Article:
Diagnostic Whole Body Scanning: Comparison with Results

after Thyroid Hormone Withdrawal

In anti-Tg antibody negative patients with a thyroid remnant or

cancer (as defined by a withdrawal Tg ≥ 2.5 ng/mL or a positive

scan [after thyroid hormone withdrawal or after radioiodine

therapy]), the THYROGEN Tg was positive (≥ 2.5 ng/mL) in

69% (40/58) of patients after 2 doses of THYROGEN.

In these same patients, adding the whole body scan increased

the detection rate of thyroid remnant or cancer to 84% (49/58) of

patients after 2 doses of THYROGEN.

Among patients with metastatic disease confirmed by a

post-treatment scan or by lymph node biopsy (35 patients),

THYROGEN Tg was positive (≥ 2.5 ng/mL) in all 35 patients,

while Tg on thyroid hormone suppressive therapy was positive

( ≥ 2.5 ng/mL) in 79% of these patients.

As with thyroid hormone withdrawal, the intra-patient

reproducibility of THYROGEN testing with regard to both Tg

stimulation and radioiodine imaging has not been studied.

Hypothyroid Signs and Symptoms

THYROGEN administration was not associated with the signs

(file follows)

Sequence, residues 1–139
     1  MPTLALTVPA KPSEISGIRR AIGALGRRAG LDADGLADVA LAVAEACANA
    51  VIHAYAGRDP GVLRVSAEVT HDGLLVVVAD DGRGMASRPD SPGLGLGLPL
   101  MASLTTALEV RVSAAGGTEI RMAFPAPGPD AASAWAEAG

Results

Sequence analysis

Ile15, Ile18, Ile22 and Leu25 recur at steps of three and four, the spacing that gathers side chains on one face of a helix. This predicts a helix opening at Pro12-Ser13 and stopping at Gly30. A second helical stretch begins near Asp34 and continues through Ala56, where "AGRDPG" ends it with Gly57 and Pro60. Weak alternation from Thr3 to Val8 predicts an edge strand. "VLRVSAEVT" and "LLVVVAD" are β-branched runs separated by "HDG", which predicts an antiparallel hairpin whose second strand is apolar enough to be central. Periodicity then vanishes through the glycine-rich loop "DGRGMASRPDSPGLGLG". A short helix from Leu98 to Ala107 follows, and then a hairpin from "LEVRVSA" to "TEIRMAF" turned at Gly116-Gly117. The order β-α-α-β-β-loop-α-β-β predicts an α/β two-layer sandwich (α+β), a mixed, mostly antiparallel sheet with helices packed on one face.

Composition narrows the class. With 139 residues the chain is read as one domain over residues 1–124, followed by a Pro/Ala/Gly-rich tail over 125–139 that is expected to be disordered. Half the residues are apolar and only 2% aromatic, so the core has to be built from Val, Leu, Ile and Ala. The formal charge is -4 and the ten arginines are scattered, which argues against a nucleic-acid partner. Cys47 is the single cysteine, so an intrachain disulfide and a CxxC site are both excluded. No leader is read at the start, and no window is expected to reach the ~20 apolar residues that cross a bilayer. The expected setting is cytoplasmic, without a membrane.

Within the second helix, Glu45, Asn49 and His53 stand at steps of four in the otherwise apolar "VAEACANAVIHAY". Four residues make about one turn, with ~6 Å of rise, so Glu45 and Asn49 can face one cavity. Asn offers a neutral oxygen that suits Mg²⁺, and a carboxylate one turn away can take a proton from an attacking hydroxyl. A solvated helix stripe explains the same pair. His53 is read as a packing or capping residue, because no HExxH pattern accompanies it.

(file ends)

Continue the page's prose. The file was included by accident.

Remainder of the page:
and symptoms of hypothyroidism that accompanied thyroid

hormone withdrawal as measured by the Billewicz scale.

Statistically significant worsening in all signs and symptoms

were observed during the hypothyroid phase (p<0.01) (Figure 1).

Figure 1: Hypothyroid Symptom Assessment Billewicz Scale

Diagnostic Indication 0.9 mg THYROGEN

®

q 24 hours x 2

doses vs. Thyroid Hormone Withdrawal Phase

12.3

Quality of Life

Quality of Life (QOL) was measured during both the diagnostic

study [

see Clinical Studies

14.1

)] and the ablation of thyroid

remnant study [

see Clinical Studies

14.2

)] using the SF-36

Health Survey, a standardized, patient-administered instrument

assessing QOL across eight domains measuring both physical

and mental functioning. In the diagnostic study and in the

remnant ablation study, following THYROGEN administration,